You may fall in love with a community and think you have found the perfect parcel, but if you have young children and outdoor play equipment is prohibited, consider if the place is really right for your family. If your making a major investment in a dream home, see if the deed restrictions require your neighbors to build to a your same high standards, thereby protecting your investment.

Carefully look over the CC&Rs and any design guidelines to determine if the architectural standards add unseen costs you can't afford. If your community has common area amenities ask when and how the developer plans to turn over control of the amenities to the community. If the developer has already turned over control, inquire about any simmering issues between the POA board and residents.

The bottom line is that the POA exists to preserve the character and value of the community, and your investment. You should review the controlling documents carefully, and if you don't understand something consult with your broker, your seller, or your attorney. Its critical to remember that when you buy property that's part of a community association (POA), you are contractually agreeing to comply with its rules and CC&Rs. These rules can range from the simple (only site-built homes) to the comprehensive (colors, height, style, landscaping).

Understand how your family expects to enjoy the property and then determine what effect, if any, the deed restrictions will have on you achieving this dream. Is this the right community for you and your family? Are the rules compatible with how you want to develop your land? If yes then the POA should be a source of satisfaction as your community matures and grows in value.

If the rules don't fit your lifestyle, keep looking. There's plenty of rural land available in many different communities. You'll find the property that's right for you.

Sunday, September 1, 2013

Namibia - The Land God Made In Anger

In 1995 I visited Namibia with Zimbabwe's National Freshwater Angling team. My husband had been selected to represent his country in a tournament against Namibia and South Africa. Although the country had been independent for five years, it had only been a complete country for one year, when the southern port region of Walvis Bay had been handed back to the country by South Africa.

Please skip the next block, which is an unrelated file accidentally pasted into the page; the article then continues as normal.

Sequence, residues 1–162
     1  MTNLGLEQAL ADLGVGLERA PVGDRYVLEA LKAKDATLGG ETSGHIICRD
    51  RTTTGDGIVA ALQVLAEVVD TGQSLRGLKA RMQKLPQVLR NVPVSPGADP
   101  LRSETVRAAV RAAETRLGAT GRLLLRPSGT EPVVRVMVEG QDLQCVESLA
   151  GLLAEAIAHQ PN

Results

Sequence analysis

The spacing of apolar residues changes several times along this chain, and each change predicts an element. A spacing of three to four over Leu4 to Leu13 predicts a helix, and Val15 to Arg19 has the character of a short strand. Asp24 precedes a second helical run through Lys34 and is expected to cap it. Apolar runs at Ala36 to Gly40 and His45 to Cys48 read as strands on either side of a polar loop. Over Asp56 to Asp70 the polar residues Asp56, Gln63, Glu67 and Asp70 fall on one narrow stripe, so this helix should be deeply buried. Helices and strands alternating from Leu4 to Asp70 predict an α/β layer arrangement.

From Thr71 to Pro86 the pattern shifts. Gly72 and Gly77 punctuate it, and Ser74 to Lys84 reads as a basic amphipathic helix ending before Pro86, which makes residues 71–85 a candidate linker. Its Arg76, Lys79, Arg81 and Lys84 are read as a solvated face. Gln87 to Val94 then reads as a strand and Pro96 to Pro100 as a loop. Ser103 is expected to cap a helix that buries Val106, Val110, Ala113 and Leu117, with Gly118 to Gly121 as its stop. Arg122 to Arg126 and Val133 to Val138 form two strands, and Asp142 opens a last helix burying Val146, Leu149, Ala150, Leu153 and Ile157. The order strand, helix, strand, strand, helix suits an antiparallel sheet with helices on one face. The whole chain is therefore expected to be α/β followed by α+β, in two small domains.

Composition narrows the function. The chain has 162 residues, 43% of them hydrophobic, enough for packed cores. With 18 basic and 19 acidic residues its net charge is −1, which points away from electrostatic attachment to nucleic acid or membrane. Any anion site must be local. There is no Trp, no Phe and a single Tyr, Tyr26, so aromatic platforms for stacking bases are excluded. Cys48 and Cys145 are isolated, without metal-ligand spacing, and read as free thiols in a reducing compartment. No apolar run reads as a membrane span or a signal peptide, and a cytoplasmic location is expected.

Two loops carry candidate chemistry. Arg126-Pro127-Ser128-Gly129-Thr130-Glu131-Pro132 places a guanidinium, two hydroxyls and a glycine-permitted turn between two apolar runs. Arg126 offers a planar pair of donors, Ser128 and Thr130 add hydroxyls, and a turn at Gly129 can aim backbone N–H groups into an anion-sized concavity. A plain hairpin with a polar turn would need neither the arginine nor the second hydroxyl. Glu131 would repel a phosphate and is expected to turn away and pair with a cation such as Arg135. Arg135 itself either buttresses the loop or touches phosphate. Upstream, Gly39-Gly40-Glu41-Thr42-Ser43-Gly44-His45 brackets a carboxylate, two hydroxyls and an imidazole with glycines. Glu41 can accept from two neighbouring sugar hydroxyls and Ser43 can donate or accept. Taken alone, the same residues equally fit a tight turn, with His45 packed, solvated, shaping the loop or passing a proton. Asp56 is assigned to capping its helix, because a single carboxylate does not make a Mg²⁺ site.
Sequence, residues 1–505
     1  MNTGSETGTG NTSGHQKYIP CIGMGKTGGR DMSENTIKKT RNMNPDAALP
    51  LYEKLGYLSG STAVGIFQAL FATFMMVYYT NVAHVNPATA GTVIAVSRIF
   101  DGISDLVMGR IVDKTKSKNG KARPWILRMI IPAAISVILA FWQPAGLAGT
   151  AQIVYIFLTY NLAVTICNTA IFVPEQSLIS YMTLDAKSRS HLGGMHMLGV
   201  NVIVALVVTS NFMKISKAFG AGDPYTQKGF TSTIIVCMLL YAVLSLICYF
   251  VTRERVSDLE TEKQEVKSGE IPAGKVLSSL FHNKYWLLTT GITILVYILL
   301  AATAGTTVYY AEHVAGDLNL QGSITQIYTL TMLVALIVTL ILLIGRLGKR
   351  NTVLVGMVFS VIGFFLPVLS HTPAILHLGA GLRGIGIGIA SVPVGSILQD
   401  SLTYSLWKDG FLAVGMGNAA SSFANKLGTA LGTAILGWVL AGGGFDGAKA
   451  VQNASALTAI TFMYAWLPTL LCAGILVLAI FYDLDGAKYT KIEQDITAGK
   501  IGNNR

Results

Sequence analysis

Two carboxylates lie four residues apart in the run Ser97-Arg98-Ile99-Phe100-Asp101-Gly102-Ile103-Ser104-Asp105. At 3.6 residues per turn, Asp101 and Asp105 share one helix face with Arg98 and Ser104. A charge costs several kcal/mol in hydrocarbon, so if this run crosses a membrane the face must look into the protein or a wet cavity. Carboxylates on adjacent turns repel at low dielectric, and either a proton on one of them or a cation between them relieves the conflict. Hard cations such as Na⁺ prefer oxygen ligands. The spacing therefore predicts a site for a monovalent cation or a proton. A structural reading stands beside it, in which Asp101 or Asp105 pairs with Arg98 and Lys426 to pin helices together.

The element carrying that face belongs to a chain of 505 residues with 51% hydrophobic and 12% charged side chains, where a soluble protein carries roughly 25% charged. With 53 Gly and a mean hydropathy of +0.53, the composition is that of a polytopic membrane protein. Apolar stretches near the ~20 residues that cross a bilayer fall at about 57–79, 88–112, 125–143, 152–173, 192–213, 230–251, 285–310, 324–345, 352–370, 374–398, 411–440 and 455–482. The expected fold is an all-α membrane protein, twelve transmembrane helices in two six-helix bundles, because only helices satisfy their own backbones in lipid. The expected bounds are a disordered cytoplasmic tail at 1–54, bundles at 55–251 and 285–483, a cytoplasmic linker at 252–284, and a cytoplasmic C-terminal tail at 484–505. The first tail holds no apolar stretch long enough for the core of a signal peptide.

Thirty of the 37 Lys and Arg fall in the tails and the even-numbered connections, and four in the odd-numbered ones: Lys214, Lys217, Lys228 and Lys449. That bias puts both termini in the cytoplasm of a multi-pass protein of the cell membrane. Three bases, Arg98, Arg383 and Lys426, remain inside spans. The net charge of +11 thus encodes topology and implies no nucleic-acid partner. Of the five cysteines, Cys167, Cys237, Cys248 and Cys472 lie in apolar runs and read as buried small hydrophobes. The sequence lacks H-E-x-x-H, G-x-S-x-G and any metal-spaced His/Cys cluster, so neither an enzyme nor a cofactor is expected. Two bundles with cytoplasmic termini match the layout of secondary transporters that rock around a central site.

We flew in to the capital city Windhoek from Harare, landing after a two hour flight. Our first surprise was the appearance of Windhoek. It's a very well developed, modern city, and driving into town from the airport we felt we were on South Africa's roads. Many capital cities in Africa are dirty and badly maintained, with roads full of potholes, non-functioning traffic lights and a total absence of street signs - not to mention terrible drivers, desperate beggars and street children. Until my visit to Nambia South Africa was the only country with clean, well maintained and orderly towns and cities. This is Namibia's legacy from that country, who first occupied Namibia during World War I. A brief history lesson is relevant at this point.

Towards the end of the 19th century Germany colonized Namibia, giving the country the rather unimaginative name of South West Africa. In the south of the country, close to the South African border, is the strategic port of Walvis Bay, then under British control. At the end of the war South Africa administered the country legally until the end of the Second World War, when it unilaterally annexed the territory - without international recognition. In 1966 a vicious guerrilla war broke out, finally ending in 1988 when South Africa agreed to relinquish control of the country. The war didn't stop the South Africans from installing the excellent infrastructure in Namibia, which has benefited the country considerably and is still very efficient at time of writing.